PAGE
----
Human Trafficking Statistics in Texas

Human Trafficking Definition

Human trafficking is commonly referred to as today’s modern-day slavery. Federal law defines severe forms of trafficking in persons as:

  • Sex trafficking in which a commercial sex act is induced by force, fraud, or coercion, or in which the person induced to perform such act has not attained 18 years of age; or
  • The recruitment, harboring, transportation, provision, or obtaining of a person for labor or services through the use of force, fraud, or coercion for the purpose of subjection to involuntary servitude, peonage, debt bondage, or slavery.

How Big is the Problem?

Each year, over $32 billion is generated by human traffickers.  According to the U.S. Department of Health and Human Services, “After drug dealing, trafficking of humans is tied with arms dealing as the second largest criminal industry in the world, and is the fastest growing.”

Human Trafficking Statistics

Millions of souls are trafficked across international borders as well as within their own country each year. The International Labor Organization estimates that 20.9 million people are victims of human trafficking at any given time.

  • 55% are Female
  • 26% are Children


Human trafficking is a form of modern slavery that occurs in every state, including Texas. The NHTRC works closely with service providers, law enforcement, and other professionals in Texas to serve victims and survivors of trafficking, respond to human trafficking cases, and share information and resources.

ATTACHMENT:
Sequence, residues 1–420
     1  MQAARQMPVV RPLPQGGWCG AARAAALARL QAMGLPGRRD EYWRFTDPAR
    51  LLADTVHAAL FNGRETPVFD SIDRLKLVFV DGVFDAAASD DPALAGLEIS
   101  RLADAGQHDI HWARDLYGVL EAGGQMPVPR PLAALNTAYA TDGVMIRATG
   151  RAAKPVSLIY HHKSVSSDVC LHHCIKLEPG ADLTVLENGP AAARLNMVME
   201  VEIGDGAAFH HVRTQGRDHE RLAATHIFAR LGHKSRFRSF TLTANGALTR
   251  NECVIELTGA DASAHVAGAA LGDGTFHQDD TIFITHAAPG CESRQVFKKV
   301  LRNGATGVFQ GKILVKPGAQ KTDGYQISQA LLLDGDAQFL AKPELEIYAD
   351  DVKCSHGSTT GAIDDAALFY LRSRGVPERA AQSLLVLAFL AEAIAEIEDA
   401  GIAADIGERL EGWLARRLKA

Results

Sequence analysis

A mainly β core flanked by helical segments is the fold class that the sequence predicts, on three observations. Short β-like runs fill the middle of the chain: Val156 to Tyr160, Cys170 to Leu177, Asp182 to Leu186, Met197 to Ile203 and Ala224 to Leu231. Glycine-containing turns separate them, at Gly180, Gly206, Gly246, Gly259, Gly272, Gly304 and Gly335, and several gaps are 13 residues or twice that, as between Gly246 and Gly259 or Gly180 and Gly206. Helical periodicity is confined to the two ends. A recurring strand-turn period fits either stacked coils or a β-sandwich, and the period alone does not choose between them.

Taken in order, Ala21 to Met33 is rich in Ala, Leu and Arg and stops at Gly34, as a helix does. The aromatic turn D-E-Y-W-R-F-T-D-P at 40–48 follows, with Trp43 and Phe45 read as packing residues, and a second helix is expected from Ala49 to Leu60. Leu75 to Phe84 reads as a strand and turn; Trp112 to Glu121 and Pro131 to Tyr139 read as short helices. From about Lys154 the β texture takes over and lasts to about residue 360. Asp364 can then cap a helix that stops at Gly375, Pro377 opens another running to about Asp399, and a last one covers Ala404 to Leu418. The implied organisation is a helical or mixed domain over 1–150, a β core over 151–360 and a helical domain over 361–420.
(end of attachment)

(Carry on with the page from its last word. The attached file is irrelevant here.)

The below statistics are based on the signals — phone calls, emails, and webforms — received by the NHTRC that reference Texas. To protect the identity of the people we serve, the NHTRC does not disclose exact statistics related to venues, industries, or caller information when referenced fewer than three times.


Measures of Human Trafficking in Texas

Estimates vary for the number of trafficking victims in Texas or the United States, and the available data is not comprehensive. These data limitations are due to several challenges, such as the under-reporting of trafficking to law enforcement, definitional differences or variations, and varying criminal charges for crimes other than trafficking. Some examples of available estimates and measures, for both Texas and the US, are listed below.

  • Approximately 100,000 children are estimated to be in the sex trade in the United States each year, according to the Polaris Project, a US nongovernmental organization that studies human trafficking.In 2013, Texas ranked second in the nation with 2,236  incoming tips (calls, emails, tip forms) received by the Polaris Project’s National Human Trafficking Resource Center (NHTRC) for human trafficking tips.
  • There were 709 human trafficking-related incidents, 609 reported victims, and 176 suspects arrested in Texas between January 1, 2007, and January 9, 2014, based on the limited information entered into the Human Trafficking Reporting System (HTRS) by Texas-based reporting agencies.
  • Two FBI Innocence Lost Task Forces – one based in Dallas and one in Houston – report data on child victims of human trafficking. Combined, HTRS and Innocence Lost data reports a total of 957 reported victims and 1,057 reported human trafficking-related incidents from January 1, 2007, to January 9, 2014.
  • According to the Texas Department of Criminal Justice (TDCJ) as of January 2014, 24 inmates are currently serving sentences for a human trafficking-related offense, and 75 inmates are serving sentences for compelling prostitution.
  • The number of state charges for Trafficking of a Person (Texas Penal Code §20A) and Compelling Prostitution (Texas Penal Code §43.05) in Texas has increased annually over the past four years, according to data from the Texas Crime Information Center. In 2013, there were 101 Trafficking of a Person charges and 74 Compelling Prostitution charges, up from 78 and 68 in 2012, 35 and 63 in 2011, and 20 and 54 in 2010.

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